Celebrating the Conservation Victories of 2015
2015 brought plenty of good environmental news to go around, and the world of conservation was no different. Here are some of the stories we celebrated on social media this year.
The Birds and the Bees
Everyone loves honey bees! They’re essential to our lives — much of food we eat is pollinated by bees. Unfortunately, pesticides, habitat loss, and other factors have contributed to population declines. That’s why we were excited when we heard that the Obama administration had put together a plan to protect bees — and other pollinators.
The good news continued in September when an insecticide that was harming our striped friends was banned.
Monarch butterflies have been facing problems with their migration and populations dropping, but a report out in November suggested that their population may be on the increase.
The graceful whooping crane has faced challenges over the years, but there’s an intense, dedicated program that’s helping these birds make a comeback.
Under the Sea
Our oceans are under threat from a variety of factors, but this year saw so much good news, from increasing wildlife populations to the protection of large swaths of the seas.
In March, the world’s largest marine reserve was announced around the Pitcairn Islands in the Pacific Ocean, protecting an area bigger than the state of California.
A few months later, right during Shark Week, another new marine sanctuary was announced in the Philippines:
In October came news of two new nations protecting oceans around them, Chile and Palau.
There were some great wildlife victories as well, starting with the growing population of orcas in Puget Sound — there were many babies born this year, starting with this one in February:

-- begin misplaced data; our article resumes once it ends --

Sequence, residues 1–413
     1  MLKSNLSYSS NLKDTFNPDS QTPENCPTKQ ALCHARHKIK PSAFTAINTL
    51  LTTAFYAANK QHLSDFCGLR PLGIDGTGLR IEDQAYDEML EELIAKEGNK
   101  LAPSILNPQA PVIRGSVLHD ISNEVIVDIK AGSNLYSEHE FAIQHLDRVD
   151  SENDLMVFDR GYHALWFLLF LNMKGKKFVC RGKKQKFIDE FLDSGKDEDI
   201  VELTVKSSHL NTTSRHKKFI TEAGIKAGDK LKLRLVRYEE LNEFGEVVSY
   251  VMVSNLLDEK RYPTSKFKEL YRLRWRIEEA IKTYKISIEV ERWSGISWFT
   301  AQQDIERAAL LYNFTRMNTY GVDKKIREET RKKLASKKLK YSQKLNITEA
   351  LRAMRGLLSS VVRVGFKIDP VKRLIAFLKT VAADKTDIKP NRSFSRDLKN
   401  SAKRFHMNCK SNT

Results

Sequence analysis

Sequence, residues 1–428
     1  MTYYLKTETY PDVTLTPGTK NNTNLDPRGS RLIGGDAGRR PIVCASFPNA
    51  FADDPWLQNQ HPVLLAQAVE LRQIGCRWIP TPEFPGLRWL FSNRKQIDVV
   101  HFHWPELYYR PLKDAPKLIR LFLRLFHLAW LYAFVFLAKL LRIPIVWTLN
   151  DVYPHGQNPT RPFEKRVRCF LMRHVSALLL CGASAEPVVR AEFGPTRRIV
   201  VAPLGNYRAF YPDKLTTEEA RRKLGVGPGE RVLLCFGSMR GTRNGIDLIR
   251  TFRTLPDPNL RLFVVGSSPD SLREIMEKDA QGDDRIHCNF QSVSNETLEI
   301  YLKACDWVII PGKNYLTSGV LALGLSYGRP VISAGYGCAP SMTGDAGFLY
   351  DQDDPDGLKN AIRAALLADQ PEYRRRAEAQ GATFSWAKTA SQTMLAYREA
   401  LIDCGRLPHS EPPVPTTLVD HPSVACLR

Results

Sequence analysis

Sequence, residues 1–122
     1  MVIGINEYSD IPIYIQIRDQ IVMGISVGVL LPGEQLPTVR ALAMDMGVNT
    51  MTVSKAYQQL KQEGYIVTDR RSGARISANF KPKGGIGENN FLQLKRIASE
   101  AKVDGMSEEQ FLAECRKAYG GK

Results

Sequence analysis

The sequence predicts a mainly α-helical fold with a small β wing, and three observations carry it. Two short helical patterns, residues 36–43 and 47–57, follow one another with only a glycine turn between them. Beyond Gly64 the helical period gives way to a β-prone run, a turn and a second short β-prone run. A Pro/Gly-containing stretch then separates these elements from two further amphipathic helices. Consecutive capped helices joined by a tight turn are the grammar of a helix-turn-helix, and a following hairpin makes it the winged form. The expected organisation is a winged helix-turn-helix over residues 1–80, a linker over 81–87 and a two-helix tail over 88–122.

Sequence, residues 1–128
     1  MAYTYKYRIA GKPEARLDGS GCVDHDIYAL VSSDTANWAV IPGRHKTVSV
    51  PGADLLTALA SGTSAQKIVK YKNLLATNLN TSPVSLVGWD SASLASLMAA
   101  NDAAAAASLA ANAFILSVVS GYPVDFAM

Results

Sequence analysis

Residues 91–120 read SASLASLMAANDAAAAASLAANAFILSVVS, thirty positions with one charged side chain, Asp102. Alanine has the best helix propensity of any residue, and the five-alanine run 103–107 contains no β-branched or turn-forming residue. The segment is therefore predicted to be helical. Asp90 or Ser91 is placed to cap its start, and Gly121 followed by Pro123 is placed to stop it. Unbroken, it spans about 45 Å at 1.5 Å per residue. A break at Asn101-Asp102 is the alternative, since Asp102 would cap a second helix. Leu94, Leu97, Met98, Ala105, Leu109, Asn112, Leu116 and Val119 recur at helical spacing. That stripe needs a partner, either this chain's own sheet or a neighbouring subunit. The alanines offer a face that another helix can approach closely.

In some good news for animals in captivity, California placed a ban on captive breeding of these intelligent mammals. This only affects SeaWorld in California, so we hope more states will follow suit.
Sharks may be feared by humans, but it’s really the sharks that have more to fear from us. This year, there was some good news for our finned friends, especially when it came to shark finning. In June, Texas became the tenth state to ban shark finning.
Even a corporation joined in — UPS banned shark fin shipments in August!
Comeback stories are the best and loggerhead turtles wanted a turn this year:
It wasn’t just the oceans — forests, and mountains, and many other places were home to good news! A census of tigers early in the year revealed that India’s tigers were doing well:
Not to be outdone, the wild panda population in China was also on the rise.
Rhinos haven’t been doing well lately because of illegal wildlife trafficking, but a daring operation featuring the world’s largest rhino airlift was meant to give these iconic creatures a better chance at survival.
Wildlife trafficking is a problem for many species, unfortunately. The unique-looking pangolin is the world’s most trafficked animal. Not surprisingly, it’s critically endangered. In November, a whole bunch of these scaly critters were rescued and released back into the wild.
And back in the United States, endangered gray wolves, vital to the environment but threatened by poaching, habitat loss, and diminishing protections, thumbed their noses to all of that as they expanded into new (old) territory:
Originally published at www.greenpeace.org on December 23, 2015.